India Court Lifts New Delhi's Diesel Ban

  • Top court allows diesel vehicle registrations after 1% levy
  • Autos with 2-liter or larger diesel engines banned in December

India’s highest court allowed registrations of large diesel vehicles in New Delhi while introducing a new levy on purchases, lifting a ban automakers including Toyota Motor Corp. and Mahindra & Mahindra Ltd. panned for hurting demand.

A 1 percent levy will have to be paid to register the vehicles in the national capital region of the country, reported BloombergQuint, a partnership between Bloomberg and Quintillion Media in India, citing the decision Friday of the Supreme Court in New Delhi. Mahindra’s Executive Director Pawan Goenka said the automaker is “very relieved,” while Daimler AG’s Mercedes-Benz rejected the levy’s premise that its vehicles pollute the environment.

Although the decision will pave the way for sales of large diesel sedans and sport utility vehicles to resume in one of the country’s biggest auto markets, the additional charge may discourage some buyers. Toyota had said the ban curtailed sales growth, while market leader Maruti Suzuki India Ltd. said it wasn’t in favor of additional levies.

“Hope this decision will put all controversy surrounding diesel fuel behind us,” Mahindra’s Goenka said in a statement. “We will be able to focus on the more important task of making our vehicles compliant with Bharat Stage 6 norms by April 2020.”

Emission Rules

The government in January said it will impose tighter vehicle emissions rules four years early, skipping a transitional step offered in other countries to combat worsening air pollution.

The charge will be on top of fresh levies imposed in the government’s annual budget on new passenger vehicles. The ban on diesel engines 2 liters or larger imposed in December hit sales of some models and prompted the introduction of gasoline variants and smaller diesel engines.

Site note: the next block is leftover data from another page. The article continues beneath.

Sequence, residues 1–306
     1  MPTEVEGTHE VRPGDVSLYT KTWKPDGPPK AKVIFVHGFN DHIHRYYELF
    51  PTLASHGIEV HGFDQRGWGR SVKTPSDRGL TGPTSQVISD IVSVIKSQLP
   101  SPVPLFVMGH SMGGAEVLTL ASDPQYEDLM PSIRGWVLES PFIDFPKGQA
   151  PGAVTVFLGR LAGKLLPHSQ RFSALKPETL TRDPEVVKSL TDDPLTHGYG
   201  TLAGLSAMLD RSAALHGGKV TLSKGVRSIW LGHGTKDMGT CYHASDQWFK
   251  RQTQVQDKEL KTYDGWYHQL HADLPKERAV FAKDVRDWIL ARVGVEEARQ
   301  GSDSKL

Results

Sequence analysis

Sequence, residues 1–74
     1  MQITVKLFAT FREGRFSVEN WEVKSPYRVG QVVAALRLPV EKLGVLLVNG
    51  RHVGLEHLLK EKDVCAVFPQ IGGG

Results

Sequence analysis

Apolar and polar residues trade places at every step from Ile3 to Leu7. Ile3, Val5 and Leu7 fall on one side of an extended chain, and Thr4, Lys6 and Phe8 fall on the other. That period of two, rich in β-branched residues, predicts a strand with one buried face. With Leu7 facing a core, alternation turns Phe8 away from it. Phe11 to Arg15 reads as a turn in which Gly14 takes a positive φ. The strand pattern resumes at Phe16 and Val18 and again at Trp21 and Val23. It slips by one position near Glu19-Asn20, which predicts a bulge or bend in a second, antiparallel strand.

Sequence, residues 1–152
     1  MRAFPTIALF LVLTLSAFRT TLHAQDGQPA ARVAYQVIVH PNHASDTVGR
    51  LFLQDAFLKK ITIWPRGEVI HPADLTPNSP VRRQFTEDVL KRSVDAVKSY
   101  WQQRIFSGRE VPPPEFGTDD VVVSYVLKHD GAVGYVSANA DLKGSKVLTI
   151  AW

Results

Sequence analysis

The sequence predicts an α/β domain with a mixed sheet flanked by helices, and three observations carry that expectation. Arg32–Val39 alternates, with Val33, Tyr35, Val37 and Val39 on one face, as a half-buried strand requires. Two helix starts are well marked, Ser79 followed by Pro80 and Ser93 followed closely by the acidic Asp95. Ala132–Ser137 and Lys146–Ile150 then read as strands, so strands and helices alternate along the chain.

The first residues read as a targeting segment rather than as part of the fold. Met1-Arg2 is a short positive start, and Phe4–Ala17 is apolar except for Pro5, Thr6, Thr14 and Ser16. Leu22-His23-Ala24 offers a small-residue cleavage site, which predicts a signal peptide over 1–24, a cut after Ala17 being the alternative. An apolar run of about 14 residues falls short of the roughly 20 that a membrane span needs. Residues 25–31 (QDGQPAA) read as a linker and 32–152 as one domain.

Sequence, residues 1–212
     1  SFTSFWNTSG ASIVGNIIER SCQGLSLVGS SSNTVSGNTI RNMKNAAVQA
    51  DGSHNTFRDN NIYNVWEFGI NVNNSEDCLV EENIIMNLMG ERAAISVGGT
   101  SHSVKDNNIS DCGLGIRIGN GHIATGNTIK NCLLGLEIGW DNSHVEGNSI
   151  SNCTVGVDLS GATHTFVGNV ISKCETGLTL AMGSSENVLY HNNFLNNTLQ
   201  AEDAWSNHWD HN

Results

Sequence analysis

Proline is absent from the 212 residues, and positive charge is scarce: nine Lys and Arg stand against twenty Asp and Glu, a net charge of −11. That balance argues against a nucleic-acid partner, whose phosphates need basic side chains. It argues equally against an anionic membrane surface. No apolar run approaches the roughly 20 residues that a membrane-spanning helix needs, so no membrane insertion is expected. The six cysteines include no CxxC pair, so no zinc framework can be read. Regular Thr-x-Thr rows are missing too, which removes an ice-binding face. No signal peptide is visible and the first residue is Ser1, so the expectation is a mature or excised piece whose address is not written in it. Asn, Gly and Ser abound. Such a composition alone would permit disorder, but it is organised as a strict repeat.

Mahindra has introduced smaller engines for its popular SUVs as well as new compact models with variants powered by gasoline. Local deliveries jumped 13 percent in the April-July period, compared with an 8.5 percent decline in the year-earlier period.

While Toyota’s sales expanded at a slower 1.6 percent pace, its deliveries of Innova multipurpose vehicle have climbed 38 percent with the introduction of a new version in May. The automaker this month started selling a gasoline-powered Innova Crysta.

Mercedes-Benz posted sales of 6,597 units in India in the January-June period, down 0.9 percent from a year earlier, according to statements on its website. The company has the technology to switch its entire fleet to BS 6 by 2018 and said the introduction of compatible fuel will be the “best viable option to curb pollution,” the German automaker said in a statement Friday.

“Lifting of ban on bigger vehicles in the national capital region is a good move because this step alone will not address the emission issue,” Abdul Majeed, partner at Price Waterhouse, said in an e-mailed statement. “We need to figure out holistic solutions in the automotive sector by replacing old vehicles on the road, promoting environment friendly vehicles as well as significantly improving public transport.”

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